The annual process safety event was opened by the CATCH Major Hazards Group chairman, David Hughes, who introduced key note speaker Craig Foyle, President of IOSH. Craig is on a mission to improve the reputation of safety practitioners and consultants and celebrate the achievements of a wide range of organisations and individuals who are improving safety performance. Seeing both good and bad safety practise across the world has helped understand where we can all still improve. Safety leadership must start at the top to make it happen. SHE professionals can help influence positive safety culture and become safety enablers. Motivation is key to managing and leading safety. The best career advice Craig was ever given was be totally honest and watch the football!
Peter Galsworthy from the HSE spoke about managing risk in the major hazard sector – operator assurance. Peter reflected on the challenge of assurance. Offshore sector operators received a letter to highlight a trend in increasing hydrocarbon releases and a demand for a review of PSL and assurance of their audit and systems to ensure improvements are seen. A deeper understanding is required of systems and failures inside these frameworks. COMAH operators in the Humber were encouraged to review their systems and ensure they strengthen their shield against process safety incidents.
HSE press release –http://press.hse.gov.uk/2018/oil-and-gas-operators-challenged-on-hcrs/
Understanding Comah: performance and recognition framework, http://www.hse.gov.uk/comah/guidance/performance-recognition-framework.pdf
David Coakley from the HSE spoke about P profiling – T targeting – S strategy. A framework for thinking strategically, linked to the intervention planning process but with a longer time frame in mind.
Profiling is the base information that the strategy will be set on. This will be done in conjunction with the operator. Review of processes, hazards and MAH scenarios.
The HSE will be looking at HSG65, following the Plan, Do, Check, Act approach. Looking at how health and safety can be managed across the organisation in a holistic way
David recommended the guide Managing for health and safety (please note that the printed version has better/more complete diagrams than the web version) http://www.hse.gov.uk/pubns/priced/hsg65.pdf
The HSE are encouraging sites to use the OECD check list for regulatory decision making which will assist in site leadership preparations for interventions.
Phil Scott from the Chemical Industries Association gave a presentation on the ways industry can collaborate and work at continuously improving safety in our industries.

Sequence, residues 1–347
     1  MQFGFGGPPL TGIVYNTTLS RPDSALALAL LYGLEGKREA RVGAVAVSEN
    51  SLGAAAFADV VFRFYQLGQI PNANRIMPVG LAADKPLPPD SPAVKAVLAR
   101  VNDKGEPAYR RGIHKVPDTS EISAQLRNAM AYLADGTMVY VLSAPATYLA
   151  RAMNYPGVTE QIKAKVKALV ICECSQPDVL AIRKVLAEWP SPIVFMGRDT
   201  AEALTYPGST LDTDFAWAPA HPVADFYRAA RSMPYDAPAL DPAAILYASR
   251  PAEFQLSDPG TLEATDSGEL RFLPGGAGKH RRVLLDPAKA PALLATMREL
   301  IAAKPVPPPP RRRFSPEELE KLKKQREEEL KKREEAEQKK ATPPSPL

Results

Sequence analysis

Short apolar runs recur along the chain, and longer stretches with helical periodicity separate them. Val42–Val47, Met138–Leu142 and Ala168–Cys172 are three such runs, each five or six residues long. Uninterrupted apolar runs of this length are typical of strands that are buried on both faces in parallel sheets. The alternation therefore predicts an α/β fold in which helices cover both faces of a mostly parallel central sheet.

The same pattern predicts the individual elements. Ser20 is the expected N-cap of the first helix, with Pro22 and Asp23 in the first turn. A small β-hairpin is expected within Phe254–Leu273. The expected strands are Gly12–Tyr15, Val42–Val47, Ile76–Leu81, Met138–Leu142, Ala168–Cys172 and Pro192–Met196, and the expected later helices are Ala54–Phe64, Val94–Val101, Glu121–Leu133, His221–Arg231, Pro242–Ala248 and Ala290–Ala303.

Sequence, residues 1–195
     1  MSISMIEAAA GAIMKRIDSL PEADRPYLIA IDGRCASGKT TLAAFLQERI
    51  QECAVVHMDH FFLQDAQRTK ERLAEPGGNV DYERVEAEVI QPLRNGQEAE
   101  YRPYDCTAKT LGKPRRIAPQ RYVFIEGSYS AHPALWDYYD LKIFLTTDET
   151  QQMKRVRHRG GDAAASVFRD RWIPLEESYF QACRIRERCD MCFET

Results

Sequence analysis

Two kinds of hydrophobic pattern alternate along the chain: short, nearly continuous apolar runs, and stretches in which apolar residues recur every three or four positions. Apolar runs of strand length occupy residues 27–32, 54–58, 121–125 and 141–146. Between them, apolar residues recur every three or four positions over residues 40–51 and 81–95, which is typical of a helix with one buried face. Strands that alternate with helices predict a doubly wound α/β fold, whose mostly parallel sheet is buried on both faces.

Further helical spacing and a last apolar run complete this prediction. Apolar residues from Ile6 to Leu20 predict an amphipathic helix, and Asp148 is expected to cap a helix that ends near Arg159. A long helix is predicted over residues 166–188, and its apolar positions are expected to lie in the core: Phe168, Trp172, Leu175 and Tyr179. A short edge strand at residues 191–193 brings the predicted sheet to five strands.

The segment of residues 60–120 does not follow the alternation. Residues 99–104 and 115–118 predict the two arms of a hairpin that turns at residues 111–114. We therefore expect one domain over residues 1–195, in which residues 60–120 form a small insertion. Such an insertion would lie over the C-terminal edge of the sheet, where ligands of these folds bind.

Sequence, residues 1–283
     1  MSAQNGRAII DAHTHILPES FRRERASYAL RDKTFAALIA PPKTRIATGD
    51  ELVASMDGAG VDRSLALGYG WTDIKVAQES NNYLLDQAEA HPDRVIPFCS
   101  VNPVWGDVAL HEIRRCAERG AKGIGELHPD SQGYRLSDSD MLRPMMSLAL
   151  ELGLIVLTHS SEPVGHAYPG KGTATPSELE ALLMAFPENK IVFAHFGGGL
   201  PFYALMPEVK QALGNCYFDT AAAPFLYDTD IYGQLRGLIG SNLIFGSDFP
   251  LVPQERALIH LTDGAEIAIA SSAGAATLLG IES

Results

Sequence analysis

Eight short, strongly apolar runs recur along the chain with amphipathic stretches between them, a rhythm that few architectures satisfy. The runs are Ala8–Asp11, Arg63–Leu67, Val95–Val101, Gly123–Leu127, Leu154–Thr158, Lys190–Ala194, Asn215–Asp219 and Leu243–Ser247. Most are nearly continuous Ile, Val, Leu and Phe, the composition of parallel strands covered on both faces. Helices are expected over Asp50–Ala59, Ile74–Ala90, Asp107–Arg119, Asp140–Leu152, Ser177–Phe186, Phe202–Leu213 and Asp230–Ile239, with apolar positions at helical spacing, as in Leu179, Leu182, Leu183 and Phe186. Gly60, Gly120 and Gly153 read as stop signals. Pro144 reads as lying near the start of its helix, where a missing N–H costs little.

Phil highlighted the COMAH strategic forum and the Chemical & Downstream Oil Industries Forum (CDOIF) – established to support joint learning from incidents across the hazardous industry sectors.
Rob Fogg, Process Safety Consultant, ABB discussed how to Successfully Implement Process Safety Management. The advice shared was to keep it simple, do we understand what could go wrong? Do we know what our systems are to prevent this happening? And do we have information or evidence to assure us that the systems are working effectively?
Rob advised operators to take a step back and review what they are doing and ensure it is effective. Process safety must be integrated with running the business, it cannot work as an add-on. Finally Rob explained the importance of working together and improving the conversations being held about process safety management.
Alan Harper, Assistant Director of Planning, from Hull and East Yorkshire Hospital Trusts joined the meeting to highlight some recent concerns regarding workers that have been exposed to a chemical on sites and the employers have arranged for the members of staff to go to hospital in a taxi. On both occasions, the ambulance service were not informed and the A&E department therefore not given any heads up that casualties were on route.
The risks here are of secondary contamination on route to the hospital in the taxi and a potential contamination of the A&E department, who had not known to instigate their CBRN decontamination procedures.
Ambulance / Hospitals Trusts are keen to reinforce the importance of calling 999 and informing ambulance of any similar issues involving chemical incidents at work, so that appropriate advice can be given to the sites and the response from the ambulance/hospital services can be tailored to the situation.
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